Copyright (for all intents and purposes)
The Grafenberg Area:
Its Existence, Location, and Significance in Human Sexual Function
Just what is the purpose of existence? This question has been raised
countless times by countless millions of people, wondering just what exactly
they are here for. Some of those among us decide to make the study of that
question their life's work, and spend many hours thinking, writing, and
speaking about it. These specialists, philosophers, exist to give us some
idea of why we continue to exist.
One school of philosophical thought holds that the only thing of any
value whatsoever is pleasure, and that the purpose of existence is to
experience as much pleasure as possible. This school of philosophical
thought, called hedonism, is theoretically sound. All actions taken by
human beings can be argued to have been performed because the performer
discerned or imagined a tangible reward for performing the act. Hedonists
hold that individuals should identify that which gives them pleasure, and
act upon that knowledge to derive the maximum amount of pleasure possible
from any situation. As sex is among the more powerful forms of pleasurable
stimuli known to man, researchers among the biological, anthropological, and
medical fields have endeavored to discover greater knowledge of human
Sexual research is performed to provide accurate information to several
audiences. The general public benefits from this research in that people
develop a higher awareness of their own capacity for sexual fulfillment; they
discover the extent to which their body and mind are geared to pleasure, and
they learn how to exercise that capacity while minimizing the risk of exposure
to sexually transmitted diseases and unwanted pregnancies. Many people come
to accept the feelings their bodies are capable of producing without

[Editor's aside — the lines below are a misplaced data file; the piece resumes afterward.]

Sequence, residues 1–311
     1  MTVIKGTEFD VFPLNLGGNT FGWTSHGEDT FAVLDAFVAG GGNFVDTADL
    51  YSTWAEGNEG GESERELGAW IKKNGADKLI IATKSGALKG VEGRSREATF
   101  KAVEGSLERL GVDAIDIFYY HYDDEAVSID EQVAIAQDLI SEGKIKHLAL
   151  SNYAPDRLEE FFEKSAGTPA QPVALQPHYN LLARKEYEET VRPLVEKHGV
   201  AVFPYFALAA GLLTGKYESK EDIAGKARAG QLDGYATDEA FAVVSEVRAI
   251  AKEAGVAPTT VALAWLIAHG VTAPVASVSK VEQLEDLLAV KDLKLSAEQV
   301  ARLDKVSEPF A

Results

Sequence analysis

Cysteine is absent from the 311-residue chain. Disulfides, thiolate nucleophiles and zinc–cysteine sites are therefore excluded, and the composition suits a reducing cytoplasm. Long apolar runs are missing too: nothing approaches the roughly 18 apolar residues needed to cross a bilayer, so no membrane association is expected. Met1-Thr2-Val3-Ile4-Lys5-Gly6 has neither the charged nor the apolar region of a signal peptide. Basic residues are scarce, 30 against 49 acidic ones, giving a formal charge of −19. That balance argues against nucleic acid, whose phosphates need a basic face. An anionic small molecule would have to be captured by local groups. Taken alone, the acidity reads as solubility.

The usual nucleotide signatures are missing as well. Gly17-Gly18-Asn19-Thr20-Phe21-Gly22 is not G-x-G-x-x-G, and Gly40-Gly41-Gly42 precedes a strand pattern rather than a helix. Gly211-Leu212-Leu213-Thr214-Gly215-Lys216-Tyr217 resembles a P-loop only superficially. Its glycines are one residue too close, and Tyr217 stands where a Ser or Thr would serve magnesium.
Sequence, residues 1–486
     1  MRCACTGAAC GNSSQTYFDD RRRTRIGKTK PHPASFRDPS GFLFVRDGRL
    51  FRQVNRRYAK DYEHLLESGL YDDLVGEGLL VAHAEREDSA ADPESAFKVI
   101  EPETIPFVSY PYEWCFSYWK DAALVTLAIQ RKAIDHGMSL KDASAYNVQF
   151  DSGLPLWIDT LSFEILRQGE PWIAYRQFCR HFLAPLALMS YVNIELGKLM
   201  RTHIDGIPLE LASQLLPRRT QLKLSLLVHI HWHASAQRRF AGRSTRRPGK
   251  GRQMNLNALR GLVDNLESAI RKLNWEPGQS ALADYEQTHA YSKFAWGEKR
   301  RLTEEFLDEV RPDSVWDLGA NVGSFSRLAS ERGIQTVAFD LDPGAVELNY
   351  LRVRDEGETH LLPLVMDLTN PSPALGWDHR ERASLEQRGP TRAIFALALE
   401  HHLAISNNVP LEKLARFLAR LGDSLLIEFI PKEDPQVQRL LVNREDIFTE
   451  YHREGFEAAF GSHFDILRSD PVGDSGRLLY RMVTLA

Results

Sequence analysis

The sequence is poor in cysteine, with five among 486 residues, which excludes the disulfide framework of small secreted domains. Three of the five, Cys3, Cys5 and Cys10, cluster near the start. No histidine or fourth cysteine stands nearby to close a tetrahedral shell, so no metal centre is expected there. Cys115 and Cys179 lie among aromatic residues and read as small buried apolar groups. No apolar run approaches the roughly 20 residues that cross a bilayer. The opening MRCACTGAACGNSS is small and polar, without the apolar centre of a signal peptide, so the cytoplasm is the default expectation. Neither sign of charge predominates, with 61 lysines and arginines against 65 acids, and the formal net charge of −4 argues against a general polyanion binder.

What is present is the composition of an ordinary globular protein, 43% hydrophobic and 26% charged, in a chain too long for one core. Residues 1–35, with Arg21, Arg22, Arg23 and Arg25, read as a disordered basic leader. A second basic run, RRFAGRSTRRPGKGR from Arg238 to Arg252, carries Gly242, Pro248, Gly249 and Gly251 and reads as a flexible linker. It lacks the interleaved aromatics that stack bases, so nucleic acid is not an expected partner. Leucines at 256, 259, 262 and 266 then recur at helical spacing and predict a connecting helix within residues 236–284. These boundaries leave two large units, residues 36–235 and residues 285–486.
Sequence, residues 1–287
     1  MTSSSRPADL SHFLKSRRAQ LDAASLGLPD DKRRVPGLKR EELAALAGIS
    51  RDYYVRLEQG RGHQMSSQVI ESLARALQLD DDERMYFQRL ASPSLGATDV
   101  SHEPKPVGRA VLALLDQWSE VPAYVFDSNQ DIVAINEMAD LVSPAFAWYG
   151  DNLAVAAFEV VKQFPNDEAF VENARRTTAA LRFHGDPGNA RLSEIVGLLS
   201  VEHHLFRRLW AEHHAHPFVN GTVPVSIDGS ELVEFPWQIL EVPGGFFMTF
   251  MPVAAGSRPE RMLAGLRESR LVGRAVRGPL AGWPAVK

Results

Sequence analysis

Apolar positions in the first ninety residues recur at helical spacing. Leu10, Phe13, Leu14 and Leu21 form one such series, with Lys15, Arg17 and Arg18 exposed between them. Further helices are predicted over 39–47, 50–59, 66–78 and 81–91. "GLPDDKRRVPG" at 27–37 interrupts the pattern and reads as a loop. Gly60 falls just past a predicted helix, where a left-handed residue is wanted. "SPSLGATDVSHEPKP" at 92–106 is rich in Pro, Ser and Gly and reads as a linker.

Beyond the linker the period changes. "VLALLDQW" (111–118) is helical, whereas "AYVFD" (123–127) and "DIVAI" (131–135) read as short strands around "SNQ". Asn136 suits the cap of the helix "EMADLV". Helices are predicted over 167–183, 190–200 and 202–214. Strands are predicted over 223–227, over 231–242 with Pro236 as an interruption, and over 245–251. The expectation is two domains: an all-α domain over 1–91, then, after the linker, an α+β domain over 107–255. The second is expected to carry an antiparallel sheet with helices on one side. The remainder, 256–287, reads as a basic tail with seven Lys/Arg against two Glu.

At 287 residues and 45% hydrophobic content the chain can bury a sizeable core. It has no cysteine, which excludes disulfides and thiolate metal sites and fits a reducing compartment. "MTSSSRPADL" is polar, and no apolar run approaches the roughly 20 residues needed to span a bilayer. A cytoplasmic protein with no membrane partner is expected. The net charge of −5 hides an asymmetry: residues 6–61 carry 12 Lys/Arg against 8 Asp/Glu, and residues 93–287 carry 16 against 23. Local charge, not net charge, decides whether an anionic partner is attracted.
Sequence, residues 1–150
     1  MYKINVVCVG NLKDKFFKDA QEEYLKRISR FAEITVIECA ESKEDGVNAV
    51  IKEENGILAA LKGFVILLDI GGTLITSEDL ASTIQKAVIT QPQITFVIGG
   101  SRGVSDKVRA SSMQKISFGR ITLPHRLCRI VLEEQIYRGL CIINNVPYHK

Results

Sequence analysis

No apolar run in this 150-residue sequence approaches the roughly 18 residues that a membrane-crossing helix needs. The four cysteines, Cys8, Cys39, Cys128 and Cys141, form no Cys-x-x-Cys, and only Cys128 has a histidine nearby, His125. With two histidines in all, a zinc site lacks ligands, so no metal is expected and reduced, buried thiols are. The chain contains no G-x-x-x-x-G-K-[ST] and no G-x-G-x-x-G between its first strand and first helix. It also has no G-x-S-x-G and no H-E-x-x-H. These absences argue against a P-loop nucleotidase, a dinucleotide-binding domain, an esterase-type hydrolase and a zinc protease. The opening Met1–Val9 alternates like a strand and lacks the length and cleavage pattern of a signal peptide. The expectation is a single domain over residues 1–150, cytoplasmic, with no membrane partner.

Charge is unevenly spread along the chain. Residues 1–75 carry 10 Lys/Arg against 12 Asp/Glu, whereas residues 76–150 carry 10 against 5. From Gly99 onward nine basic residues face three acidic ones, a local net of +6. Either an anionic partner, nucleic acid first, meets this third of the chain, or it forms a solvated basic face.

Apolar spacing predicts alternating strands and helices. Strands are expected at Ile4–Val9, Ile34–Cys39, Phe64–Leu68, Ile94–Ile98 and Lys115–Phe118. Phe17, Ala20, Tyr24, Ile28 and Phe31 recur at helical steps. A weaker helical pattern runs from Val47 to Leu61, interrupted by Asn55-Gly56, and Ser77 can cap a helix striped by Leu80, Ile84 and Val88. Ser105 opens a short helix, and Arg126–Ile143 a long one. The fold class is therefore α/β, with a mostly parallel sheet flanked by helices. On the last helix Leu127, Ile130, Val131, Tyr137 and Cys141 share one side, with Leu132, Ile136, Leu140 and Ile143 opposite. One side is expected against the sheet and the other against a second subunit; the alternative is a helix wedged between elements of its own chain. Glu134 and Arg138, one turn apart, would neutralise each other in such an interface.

feelings of guilt or shame. This is a significant event in my opinion,
because I believe the path of ascension for the human race lies in
self-awareness. Particularly among those cultures which are historically
sexually repressive, the widespread dissemination of sexual information can
bring about a very positive change in the way people feel about
Medical professionals, too, greatly benefit from the research of sexuality.
Clinical research and scientific surveys give physicians more accurate data
on the proper functioning of human sexual organs, allowing physicians to
find more effective forms of contraception and disease prevention, and
allowing more accurate diagnoses of potential problems. These more accurate
diagnoses can lead to more effective treatments for sexual disorders.
Among the other major beneficiaries of sexual research are judiciary
officials, who when given more accurate definitions of sexual deviancy and
sexual criminality are better able to pronounce just sentencing. However, the
main benefit of sexual research is that it permits the masses to greater enjoy
their own sexuality.
Research into the physiology of sexual response has opened a doorway to
those that understand that their sexuality is a healthy and normal part of
their life. Women, in particular, are becoming more aware of the sexual
aspect of their personality, a phenomenon spurred on in part by the growth
of the feminist movement. Shere Hite, in the preface to The Hite
Report: A Nationwide Study on Female Sexuality, directly addresses this
Women have never been asked how they felt about sex.